• Nar-Anon: This 12-step-based group is less available than Al-Anon, but its focus is on the use of other substances in loved ones struggling with opioid use disorder. It may be more helpful in terms of providing actionable resources specific to opioid addiction. 
  • SMART Recovery Family & Friends: This is a secular support group that focuses on science to support its members as they cope with a loved one’s SUD. 

Opioid Misuse FAQs

How does OUD affect families?

OUD can destroy families, damage relationships, finances, and overall quality of life. However, comprehensive treatment can help to mend relationships and build families back stronger. There is always hope for families in recovery.

How do you cope when a loved one has an addiction?

If your loved one is dealing with addiction, you need support as much as they do. Do not shy away from asking for help from a therapist, primary care physician, or support group. You can’t effectively help your loved one if you don’t take care of yourself.

What is the best treatment for OUD? 

The best treatment for OUD will address the physical as well as the psychological nature of addiction and any underlying mental health or medical disorders. Medication for Addiction Treatment (MAT) is the recommended approach for opioid use disorders. Suboxone is the preferred medication due to its availability and effectiveness. The other option is methadone maintenance therapy (MMT).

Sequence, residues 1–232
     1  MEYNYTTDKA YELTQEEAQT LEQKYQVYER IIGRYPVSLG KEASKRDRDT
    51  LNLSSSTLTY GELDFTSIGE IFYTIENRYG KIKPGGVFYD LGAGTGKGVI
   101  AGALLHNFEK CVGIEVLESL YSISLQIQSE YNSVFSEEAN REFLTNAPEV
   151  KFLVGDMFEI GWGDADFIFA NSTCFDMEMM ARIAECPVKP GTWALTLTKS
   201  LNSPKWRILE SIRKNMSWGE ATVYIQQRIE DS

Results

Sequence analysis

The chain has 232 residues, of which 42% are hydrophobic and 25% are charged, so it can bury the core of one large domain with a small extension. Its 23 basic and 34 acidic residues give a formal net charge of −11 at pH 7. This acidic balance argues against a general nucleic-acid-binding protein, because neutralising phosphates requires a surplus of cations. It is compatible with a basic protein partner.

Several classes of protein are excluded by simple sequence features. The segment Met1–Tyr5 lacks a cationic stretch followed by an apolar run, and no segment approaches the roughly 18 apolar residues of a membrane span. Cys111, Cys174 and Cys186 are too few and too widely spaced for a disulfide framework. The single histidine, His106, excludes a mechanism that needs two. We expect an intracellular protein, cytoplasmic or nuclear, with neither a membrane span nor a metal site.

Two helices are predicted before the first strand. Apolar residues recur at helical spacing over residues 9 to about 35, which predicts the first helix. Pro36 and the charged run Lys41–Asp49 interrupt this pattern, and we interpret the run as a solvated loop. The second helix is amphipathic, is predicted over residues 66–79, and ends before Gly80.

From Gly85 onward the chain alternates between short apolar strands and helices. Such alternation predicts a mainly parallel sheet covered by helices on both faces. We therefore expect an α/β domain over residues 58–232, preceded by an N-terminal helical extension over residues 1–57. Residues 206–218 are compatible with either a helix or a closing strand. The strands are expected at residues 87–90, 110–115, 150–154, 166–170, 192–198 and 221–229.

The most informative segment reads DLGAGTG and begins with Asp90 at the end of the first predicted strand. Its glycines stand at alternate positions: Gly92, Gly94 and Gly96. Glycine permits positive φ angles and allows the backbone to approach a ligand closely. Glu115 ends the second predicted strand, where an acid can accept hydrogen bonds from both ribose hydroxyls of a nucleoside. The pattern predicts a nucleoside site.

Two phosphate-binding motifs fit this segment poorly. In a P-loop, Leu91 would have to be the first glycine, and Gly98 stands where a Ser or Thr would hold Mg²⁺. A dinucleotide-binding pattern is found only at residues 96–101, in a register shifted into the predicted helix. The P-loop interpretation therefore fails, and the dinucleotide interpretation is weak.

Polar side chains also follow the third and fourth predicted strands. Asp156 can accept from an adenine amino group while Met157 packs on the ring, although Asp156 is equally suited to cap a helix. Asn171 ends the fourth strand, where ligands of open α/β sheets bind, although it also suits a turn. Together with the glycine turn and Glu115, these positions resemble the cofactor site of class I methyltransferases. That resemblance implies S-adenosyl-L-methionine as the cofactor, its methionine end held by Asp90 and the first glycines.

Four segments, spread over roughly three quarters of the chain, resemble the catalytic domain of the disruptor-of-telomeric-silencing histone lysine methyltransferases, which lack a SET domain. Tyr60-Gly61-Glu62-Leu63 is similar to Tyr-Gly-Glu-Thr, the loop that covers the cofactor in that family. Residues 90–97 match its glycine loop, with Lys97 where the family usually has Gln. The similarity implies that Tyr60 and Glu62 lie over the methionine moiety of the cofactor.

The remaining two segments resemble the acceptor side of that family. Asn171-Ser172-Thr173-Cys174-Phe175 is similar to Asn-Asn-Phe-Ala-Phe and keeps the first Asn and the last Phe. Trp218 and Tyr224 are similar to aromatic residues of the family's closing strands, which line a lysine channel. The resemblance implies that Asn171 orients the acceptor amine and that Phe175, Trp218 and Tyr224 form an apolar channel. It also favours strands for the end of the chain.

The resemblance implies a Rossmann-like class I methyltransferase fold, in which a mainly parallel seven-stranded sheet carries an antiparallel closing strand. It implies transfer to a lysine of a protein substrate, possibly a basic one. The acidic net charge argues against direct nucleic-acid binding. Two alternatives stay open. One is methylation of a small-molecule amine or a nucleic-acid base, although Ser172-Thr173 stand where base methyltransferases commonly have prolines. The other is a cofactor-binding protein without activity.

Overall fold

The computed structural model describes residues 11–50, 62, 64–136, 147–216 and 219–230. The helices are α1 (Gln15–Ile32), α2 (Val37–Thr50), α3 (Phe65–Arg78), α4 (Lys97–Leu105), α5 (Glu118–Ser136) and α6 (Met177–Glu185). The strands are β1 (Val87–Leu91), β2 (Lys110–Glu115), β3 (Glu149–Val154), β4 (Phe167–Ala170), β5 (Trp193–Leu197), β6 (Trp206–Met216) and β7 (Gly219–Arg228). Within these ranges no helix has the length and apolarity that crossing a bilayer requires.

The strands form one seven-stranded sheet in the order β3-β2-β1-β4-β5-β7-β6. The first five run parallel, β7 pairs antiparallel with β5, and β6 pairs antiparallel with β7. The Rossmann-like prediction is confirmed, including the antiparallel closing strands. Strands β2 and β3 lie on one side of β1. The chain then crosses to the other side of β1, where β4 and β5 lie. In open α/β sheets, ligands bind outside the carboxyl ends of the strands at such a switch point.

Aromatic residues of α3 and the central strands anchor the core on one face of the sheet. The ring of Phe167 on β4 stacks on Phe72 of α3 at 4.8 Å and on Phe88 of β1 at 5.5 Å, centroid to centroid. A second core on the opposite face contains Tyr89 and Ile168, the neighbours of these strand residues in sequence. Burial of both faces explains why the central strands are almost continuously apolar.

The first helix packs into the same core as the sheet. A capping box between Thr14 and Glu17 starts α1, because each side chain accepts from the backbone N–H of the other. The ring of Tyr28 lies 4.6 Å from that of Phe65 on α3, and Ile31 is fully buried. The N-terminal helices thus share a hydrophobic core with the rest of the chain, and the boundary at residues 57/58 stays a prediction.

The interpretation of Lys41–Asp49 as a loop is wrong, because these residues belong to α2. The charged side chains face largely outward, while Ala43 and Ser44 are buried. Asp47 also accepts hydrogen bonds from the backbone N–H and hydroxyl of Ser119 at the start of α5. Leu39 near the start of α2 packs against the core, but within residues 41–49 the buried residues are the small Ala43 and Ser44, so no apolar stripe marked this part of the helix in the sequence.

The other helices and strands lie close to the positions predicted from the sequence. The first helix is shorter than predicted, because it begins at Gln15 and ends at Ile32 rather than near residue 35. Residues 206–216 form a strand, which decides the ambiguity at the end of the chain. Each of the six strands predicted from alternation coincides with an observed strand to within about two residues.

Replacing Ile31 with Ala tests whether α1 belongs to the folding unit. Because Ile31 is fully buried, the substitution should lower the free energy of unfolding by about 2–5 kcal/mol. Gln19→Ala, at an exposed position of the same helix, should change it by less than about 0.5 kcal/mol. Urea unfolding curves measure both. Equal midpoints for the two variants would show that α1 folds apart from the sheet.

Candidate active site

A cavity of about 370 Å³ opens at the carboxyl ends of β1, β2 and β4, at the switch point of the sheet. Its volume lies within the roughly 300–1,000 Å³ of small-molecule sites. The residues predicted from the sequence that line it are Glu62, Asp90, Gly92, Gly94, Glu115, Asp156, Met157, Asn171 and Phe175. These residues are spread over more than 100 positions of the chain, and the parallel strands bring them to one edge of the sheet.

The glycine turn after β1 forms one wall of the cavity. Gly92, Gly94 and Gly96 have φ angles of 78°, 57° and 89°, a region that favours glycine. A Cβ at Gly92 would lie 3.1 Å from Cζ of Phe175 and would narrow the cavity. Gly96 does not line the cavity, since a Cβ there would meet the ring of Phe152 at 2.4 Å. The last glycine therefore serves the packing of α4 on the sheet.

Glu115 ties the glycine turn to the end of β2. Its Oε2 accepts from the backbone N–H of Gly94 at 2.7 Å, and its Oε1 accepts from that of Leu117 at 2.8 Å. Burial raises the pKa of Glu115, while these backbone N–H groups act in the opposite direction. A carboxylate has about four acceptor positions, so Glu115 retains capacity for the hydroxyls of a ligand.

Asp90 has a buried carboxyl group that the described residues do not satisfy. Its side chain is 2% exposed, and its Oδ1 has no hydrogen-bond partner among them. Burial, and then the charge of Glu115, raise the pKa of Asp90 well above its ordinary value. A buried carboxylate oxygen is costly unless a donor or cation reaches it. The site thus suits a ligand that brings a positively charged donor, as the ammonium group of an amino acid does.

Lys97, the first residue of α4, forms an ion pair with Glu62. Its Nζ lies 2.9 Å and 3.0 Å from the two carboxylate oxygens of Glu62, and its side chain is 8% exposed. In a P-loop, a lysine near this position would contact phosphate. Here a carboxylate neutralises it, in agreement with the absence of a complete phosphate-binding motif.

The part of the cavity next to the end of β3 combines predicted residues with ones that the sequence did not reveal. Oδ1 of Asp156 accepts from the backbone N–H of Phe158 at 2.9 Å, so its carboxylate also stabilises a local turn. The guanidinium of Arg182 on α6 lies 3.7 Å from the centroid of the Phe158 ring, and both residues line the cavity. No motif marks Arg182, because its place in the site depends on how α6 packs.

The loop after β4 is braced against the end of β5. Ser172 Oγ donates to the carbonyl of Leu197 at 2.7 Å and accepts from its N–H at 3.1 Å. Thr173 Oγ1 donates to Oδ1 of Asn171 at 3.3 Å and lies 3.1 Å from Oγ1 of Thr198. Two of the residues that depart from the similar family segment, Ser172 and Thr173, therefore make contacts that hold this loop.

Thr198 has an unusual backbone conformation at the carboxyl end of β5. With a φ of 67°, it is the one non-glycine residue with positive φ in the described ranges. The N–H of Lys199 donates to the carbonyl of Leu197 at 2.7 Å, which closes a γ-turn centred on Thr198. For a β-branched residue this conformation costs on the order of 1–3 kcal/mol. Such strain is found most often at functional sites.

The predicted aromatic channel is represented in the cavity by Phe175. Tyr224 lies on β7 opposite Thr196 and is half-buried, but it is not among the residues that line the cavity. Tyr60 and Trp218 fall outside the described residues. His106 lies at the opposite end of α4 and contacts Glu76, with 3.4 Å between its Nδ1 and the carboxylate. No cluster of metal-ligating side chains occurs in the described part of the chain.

By Elena Hill, MD, MPH

Elena Hill, MD; MPH received her MD and Masters of Public Health degrees at Tufts Medical School and completed her family medicine residency at Boston Medical Center. She is currently an attending physician at Bronxcare Health Systems in the Bronx, NY where ... Read More

  1. Key Substance Use and Mental Health Indicators in the United States: Results From the 2019 National Survey on Drug Use and Health. September 2020. Accessed March 2023.
  2. Opioid Overdoses Treated in Emergency Departments. Centers for Disease Control. March 2018. Accessed March 2023.
  3. Understanding the Epidemic. Centers for Disease Control. March 2021. Accessed March 2023.
  4. Signs of Opioid Abuse. Johns Hopkins Medicine. Accessed March 2023.
  5. Opioid Overdose. U.S. National Library of Medicine. January 2022. Accessed March 2023.
  6. Words Matter – Terms to Use and Avoid When Talking About Addiction. National Institute on Drug Abuse. November 2021. Accessed March 2023.
  7. Naloxone Drug Facts. National Institute on Drug Abuse. January 2022. Accessed March 2023.
  8. Opioid Overdose Basics: Responding to Opioid Overdose. National Harm Reduction Coalition. September 2020. Accessed March 2023.
  9. Be the 1 Before 911. Narcan. Accessed March 2023.
  10. Opioid Misuse and Addiction Treatment. U.S. National Library of Medicine. August 2018. Accessed March 2023.